Unhappy moon festival for the rich

September 21, 2021 10:39
Photo: Xinhua

For over 3,000 years, Mid-Autumn Festival has been the second-most important holiday after Lunar Chinese New Year. It dates back to when ancient Chinese worshipped the moon for bountiful harvests.

Not this year though for many Hong Kong and Chinese developers as they are unlikely to be enjoying this holiday. Especially China Evergrande chairman Hui Ka Yan who is facing angry investors demanding their money back. The highly leveraged developer is estimated to owe US$300 billion to banks, suppliers, retail investors and other creditors.

Evergrande is not looking good. Share price of Evergrande lost 80 per cent in the last three months under the weight of its debt mountain. The default worry hit the global markets on Monday, reminiscent of the collapse of Lehman Brothers 13 years ago – also around the Moon Festival.

It is believed that Evergrande, which sold some 500 billion yuan of properties last year, would not get a bailout from the government. In the worst case, a China Lehman moment and subsequent stock market crash could be on the cards.

Hong Kong property tycoons are also in a tough situation as they were told to be more patriotic and help solve a potentially destablising housing shortage problem in Hong Kong.

That was according to Reuters, which reported last Friday that the rules of the once – and always – monopoly game have changed as Beijing no longer tolerated “monopoly behavior”.

The worry of the end of the golden era sent four major developers namely Sun Hung Kai Properties, Henderson Land, CK Asset and New World Developement stocks down around 10 per cent.

Housing shortage has been the root of discontent in Hong Kong, where youngsters are frustrated with their inability to afford their own homes. In this international city famous for the most concentrated wealth on earth, many citizens are living in small units, often referred to as nano flats, or worse, in subdivided flats.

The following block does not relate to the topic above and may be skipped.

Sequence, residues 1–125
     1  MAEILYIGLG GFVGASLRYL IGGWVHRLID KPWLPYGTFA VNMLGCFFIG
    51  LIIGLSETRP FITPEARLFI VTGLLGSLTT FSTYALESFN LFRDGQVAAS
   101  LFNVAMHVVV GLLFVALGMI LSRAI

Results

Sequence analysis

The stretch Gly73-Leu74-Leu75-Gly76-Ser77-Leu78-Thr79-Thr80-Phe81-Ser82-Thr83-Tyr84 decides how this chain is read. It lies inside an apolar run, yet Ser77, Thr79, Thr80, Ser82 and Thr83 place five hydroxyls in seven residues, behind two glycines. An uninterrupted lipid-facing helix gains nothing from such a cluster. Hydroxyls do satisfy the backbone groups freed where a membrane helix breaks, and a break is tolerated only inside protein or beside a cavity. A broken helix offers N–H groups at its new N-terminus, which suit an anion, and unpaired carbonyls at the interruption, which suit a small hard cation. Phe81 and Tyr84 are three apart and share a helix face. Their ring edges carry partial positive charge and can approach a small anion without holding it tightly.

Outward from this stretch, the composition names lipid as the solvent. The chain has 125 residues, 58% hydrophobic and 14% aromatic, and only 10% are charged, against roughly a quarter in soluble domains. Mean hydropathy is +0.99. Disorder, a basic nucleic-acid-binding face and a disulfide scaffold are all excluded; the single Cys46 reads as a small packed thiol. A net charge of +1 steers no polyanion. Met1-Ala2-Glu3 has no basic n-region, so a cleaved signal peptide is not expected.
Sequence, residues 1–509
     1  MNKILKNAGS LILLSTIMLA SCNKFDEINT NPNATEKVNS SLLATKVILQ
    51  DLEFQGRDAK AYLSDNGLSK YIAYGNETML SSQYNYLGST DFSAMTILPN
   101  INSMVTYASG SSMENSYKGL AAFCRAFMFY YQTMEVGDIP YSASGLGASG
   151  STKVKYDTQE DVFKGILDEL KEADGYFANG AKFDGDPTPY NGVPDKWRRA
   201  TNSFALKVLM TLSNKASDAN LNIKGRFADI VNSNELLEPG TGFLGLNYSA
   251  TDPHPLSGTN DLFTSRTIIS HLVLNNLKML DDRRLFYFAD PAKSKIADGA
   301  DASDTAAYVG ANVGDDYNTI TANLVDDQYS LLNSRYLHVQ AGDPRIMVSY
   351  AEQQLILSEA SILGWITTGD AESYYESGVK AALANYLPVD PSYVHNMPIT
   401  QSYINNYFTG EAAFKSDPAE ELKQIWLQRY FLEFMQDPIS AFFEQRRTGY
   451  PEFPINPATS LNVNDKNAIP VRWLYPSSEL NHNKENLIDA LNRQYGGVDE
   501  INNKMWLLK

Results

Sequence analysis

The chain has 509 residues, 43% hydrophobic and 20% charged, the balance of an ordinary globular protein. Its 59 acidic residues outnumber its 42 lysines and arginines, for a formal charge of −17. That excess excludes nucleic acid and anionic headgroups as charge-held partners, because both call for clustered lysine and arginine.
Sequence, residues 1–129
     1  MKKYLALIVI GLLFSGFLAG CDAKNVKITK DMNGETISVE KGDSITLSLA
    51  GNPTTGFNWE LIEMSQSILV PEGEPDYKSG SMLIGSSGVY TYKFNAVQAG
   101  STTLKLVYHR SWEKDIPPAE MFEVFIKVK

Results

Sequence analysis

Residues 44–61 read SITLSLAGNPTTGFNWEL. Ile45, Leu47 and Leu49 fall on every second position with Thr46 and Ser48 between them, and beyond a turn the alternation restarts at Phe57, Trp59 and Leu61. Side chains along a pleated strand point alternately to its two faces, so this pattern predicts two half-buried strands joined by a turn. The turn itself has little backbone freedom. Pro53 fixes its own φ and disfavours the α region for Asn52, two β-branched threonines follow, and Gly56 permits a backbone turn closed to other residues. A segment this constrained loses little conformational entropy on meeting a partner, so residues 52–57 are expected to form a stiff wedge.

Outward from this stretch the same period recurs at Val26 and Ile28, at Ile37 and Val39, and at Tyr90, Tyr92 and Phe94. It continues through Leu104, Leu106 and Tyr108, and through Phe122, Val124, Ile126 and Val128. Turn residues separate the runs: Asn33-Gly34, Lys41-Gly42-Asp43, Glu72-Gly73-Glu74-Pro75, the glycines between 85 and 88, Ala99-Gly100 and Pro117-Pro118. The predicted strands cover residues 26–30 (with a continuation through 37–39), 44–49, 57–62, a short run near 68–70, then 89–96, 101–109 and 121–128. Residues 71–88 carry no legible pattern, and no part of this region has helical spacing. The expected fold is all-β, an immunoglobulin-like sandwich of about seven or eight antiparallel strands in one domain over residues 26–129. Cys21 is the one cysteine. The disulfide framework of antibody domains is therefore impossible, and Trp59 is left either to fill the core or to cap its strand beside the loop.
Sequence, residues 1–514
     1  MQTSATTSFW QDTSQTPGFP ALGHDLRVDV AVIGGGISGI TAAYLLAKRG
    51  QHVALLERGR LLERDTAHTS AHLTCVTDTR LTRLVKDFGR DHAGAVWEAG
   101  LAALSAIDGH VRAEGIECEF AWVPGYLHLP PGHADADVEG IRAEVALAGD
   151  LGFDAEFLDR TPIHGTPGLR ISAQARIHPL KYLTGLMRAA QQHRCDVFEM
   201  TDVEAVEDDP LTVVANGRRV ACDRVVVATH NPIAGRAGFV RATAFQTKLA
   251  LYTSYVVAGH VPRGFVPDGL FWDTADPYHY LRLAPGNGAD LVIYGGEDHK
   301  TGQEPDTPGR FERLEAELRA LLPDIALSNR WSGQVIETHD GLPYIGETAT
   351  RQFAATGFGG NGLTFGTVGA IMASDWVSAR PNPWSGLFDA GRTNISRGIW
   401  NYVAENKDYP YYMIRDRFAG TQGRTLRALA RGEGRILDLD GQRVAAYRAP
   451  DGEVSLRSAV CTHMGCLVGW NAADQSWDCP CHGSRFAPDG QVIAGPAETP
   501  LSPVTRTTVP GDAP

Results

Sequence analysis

Following Beijing’s call for the city to get rid of the notorious subdivided flats and cage homes by 2049, Financial Secretary Paul Chan recently promised that solutions will be worked out.

That along with the China’s pledge for co-prosperity, it could be more challenging for Hong Kong property deveopers to make money.

Same thing can be said too in Macau, where a change in the rule of game is looming.

The world’s largest casino could see tougher supervision in the wake of a rebidding for the lucrative casino licenses next year. Shares of major players such as Sands China, Galaxy Entertainment, Wynn Macao and SJM have all been under great pressure recently.

So the more money you have, the more you suffer? Well, they can get some redemptions from reading Su Shi’s poem “Prelude to Water Melody”.

“Men have sorrow and joy; they part or meet again; The moon is bright or dim and she may wax or wane. There has been nothing perfect since the olden days. So let us wish that man will live long as he can!”

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EJ Insight writer